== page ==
• 35. REPORT  FROM  THE  WORKSHOP  ON  FIELD  BASED  DECISION  MAKERS  INFORMATION  NEEDS   IN  SUDDEN  ONSET  DISASTERS   RANK  OF  EACH  INFORMATION  CATEGORY  9.00  8.00  7.00  6.00  5.00  4.00  3.00  2.00  1.00  -­‐ Context/Scope Gaps  &  Needs Response  & Capacity  / Response Planning Information Coordination  / Monitoring:  Risks, Looking  forward Institutional Real-­‐time learning Looking  back  / preparedness mean min Internal adj  min max   Figure  5:  Average,  max,  and  min  rankings  for  each  information  category   Q2:   Please   classify   “things   we   want   to   know”   into   the   following   categories.   Do   we   need   to   know  them  starting  in  the  first  days,  first  weeks,  or  later?   Feedback:  Participants  commented  that  the  same  information  is  required  throughout,  but  the   depth   of   information   required   changes   over   time.   In   addition,   some   participants   separated   elements  of  the  categories  across  time  (e.g.  security  early  but  rest  of  category  later).   Discussion:   Despite   the   ambiguity   noted   by   participants   in   their   feedback,   the   results   clearly   showed   the   importance   of   certain   information   in   the   first   days:   context/scope,   needs,   and   internal   responder   requirements.   A   second   set   of   information   requirements   was   consistently   ranked  as  needed  in  the  first  days  or  weeks:  response  planning,  coordination  structures,  and   monitoring.  Figure  6  shows  the  survey  results,  Figure  7  captures  these  results  in  pictorial  form.         34  |  47  
  • 36. REPORT  FROM  THE  WORKSHOP  ON  FIELD  BASED  DECISION  MAKERS  INFORMATION  NEEDS   IN  SUDDEN  ONSET  DISASTERS   WHEN  DO  WE  FIRST  NEED  INFORMATION? 12 10 8 6 4 2 0 Context/Scope Gaps  &  Needs Response  & Capacity  /  Response Planning Information Coordination  / Institutional Monitoring:  Risks, Real-­‐time  learning first  days first  weeks later Looking  forward Looking  back  / preparedness first  days  and  first  weeks  different  depths Internal all  three   Figure  6:  When  do  we  first  need  information     Figure  7:  Decision  framework,  with  information  needed  in  each  timeframe   Q3:   Please   classify   “things   we   want   to   know”   into   the   following   categories.   Should   they   be   updated  at  least  weekly,  at  least  monthly,  or  less  frequently?   Feedback:   Some   participants   separated   elements   of   categories   over   time   (e.g.   security   more   often  than  other  events  in  the  same  categories).  In  addition,  as  the  situation  evolves  over  time,   information  updates  may  be  required  less  frequently.         35  |  47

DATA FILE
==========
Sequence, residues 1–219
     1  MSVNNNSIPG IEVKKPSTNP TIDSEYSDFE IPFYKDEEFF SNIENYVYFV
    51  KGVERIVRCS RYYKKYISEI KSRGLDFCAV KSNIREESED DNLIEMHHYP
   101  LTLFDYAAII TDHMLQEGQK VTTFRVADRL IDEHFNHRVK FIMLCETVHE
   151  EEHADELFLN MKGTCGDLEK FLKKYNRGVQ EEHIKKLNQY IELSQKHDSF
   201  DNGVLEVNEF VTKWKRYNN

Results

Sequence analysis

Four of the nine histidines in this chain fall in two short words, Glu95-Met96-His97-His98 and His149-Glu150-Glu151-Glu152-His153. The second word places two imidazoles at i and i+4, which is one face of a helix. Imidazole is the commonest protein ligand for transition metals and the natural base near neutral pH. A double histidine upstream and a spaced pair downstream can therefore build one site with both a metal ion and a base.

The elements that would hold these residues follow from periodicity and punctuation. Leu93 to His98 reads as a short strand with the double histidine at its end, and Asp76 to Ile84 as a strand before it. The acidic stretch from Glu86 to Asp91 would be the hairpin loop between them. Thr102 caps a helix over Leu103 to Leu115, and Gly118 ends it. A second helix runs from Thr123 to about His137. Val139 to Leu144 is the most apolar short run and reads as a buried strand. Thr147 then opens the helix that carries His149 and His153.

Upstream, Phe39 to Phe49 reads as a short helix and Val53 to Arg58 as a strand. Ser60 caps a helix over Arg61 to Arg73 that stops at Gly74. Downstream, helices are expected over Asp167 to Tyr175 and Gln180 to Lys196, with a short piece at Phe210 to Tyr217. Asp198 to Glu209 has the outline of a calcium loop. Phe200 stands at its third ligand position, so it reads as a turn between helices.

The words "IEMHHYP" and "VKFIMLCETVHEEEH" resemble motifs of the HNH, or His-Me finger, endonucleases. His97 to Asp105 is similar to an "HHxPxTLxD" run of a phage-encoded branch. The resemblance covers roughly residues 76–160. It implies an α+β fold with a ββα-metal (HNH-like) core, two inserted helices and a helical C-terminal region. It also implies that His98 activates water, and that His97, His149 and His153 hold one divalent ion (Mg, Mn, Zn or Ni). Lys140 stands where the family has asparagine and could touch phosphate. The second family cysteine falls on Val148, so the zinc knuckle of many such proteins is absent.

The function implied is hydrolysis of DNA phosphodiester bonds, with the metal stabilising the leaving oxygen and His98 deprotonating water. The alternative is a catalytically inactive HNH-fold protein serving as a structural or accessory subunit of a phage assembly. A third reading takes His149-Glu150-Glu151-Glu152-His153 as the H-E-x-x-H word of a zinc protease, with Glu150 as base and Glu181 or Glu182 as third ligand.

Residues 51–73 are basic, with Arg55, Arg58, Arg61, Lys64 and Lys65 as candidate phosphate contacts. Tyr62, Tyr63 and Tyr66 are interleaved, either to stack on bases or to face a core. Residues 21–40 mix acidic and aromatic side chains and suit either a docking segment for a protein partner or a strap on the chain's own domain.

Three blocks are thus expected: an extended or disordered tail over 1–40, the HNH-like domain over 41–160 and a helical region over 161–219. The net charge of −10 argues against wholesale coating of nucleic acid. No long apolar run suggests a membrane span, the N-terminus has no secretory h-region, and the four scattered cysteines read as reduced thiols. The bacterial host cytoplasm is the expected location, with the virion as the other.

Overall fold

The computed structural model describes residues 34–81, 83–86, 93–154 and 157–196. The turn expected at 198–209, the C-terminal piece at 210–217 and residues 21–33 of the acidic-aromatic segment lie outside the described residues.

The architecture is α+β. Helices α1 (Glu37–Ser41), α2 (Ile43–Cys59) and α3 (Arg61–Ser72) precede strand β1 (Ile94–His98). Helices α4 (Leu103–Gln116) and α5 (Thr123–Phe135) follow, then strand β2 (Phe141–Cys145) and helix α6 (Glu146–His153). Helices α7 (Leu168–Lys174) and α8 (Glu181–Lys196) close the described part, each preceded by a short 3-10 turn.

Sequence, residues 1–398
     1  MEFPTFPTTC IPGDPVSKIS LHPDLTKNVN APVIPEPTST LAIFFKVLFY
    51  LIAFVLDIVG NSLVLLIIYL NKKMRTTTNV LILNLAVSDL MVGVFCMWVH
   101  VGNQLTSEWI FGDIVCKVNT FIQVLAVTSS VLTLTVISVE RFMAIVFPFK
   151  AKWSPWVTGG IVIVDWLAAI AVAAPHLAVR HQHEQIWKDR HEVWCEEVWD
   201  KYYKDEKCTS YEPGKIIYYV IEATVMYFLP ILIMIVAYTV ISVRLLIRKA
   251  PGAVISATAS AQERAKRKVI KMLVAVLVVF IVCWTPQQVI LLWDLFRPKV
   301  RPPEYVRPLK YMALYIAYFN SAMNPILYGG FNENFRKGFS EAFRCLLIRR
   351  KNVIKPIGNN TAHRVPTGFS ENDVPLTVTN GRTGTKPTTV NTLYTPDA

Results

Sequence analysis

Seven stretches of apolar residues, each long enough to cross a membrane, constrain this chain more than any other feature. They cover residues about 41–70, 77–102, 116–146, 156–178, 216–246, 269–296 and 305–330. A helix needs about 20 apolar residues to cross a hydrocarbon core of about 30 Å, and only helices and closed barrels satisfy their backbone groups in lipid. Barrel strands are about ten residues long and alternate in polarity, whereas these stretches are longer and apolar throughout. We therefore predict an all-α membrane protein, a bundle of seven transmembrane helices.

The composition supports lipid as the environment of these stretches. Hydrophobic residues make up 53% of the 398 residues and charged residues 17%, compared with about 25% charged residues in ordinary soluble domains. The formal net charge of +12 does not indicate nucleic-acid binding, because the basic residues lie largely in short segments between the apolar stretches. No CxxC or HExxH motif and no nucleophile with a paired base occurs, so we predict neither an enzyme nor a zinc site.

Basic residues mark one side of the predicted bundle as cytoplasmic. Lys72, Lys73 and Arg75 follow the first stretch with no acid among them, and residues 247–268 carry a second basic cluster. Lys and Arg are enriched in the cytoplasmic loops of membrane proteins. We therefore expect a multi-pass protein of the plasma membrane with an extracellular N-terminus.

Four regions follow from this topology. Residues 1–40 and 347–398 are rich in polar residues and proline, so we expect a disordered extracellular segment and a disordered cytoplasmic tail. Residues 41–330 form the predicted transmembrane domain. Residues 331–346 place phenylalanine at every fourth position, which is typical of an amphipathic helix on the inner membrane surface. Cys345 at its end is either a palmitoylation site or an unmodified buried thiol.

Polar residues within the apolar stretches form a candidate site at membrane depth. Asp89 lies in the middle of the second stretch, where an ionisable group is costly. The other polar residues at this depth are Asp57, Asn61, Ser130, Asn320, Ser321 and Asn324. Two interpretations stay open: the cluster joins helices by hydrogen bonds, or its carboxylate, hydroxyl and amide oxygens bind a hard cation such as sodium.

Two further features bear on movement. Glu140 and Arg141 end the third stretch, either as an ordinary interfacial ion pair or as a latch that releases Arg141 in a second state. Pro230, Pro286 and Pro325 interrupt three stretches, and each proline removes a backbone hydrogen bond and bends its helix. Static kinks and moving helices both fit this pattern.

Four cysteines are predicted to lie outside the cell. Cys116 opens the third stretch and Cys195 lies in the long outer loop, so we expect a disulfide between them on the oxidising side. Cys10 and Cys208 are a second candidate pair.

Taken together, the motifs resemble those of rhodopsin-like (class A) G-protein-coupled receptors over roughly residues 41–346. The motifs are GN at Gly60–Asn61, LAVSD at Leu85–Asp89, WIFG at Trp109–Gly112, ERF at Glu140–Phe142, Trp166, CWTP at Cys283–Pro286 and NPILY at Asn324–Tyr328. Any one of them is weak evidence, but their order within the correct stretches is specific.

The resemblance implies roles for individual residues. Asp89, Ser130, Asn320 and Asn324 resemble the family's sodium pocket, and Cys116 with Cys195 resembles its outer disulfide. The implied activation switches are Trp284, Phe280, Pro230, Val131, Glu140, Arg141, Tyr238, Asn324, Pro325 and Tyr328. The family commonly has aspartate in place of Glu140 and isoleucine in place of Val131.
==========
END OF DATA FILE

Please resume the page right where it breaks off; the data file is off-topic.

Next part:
• 37. REPORT  FROM  THE  WORKSHOP  ON  FIELD  BASED  DECISION  MAKERS  INFORMATION  NEEDS   IN  SUDDEN  ONSET  DISASTERS   Discussion:   HOW  OFTEN  DO  WE  NEED  TO  UPDATE? 14 12 10 8 6 4 2 0 Context/Scope Gaps  &  Needs Response  & Capacity  / Response Planning Information Coordination  / Institutional Monitoring: Looking  forward Looking  back  / Risks,  Real-­‐time preparedness learning weekly monthly Internal less  frequently    Figure   8   shows   the   results,   which   were   less   clear   than   those   of   the   previous   questions,   in   part   because   of   the   ambiguity   of   the   question.   It   was   clear   that   needs   must   be   updated   at   least   weekly,   and   that   looking   forward   and   looking   back   required   less   frequent   updates.   The   remaining  categories  showed  a  variety  of  responses,  suggesting  that  the  update  requirements   vary.   Based   on   participant   feedback,   we   might   surmise   that   these   categories   contain   elements   with  different  update  requirements,  or  that  the  update  frequency  depends  on  the  evolution  of   the  response  over  time.   HOW  OFTEN  DO  WE  NEED  TO  UPDATE? 14 12 10 8 6 4 2 0 Context/Scope Gaps  &  Needs Response  & Capacity  / Response Planning Information Coordination  / Institutional Monitoring: Looking  forward Looking  back  / Risks,  Real-­‐time preparedness learning weekly monthly Internal less  frequently    Figure  8:  Information  update  frequency         36  |  47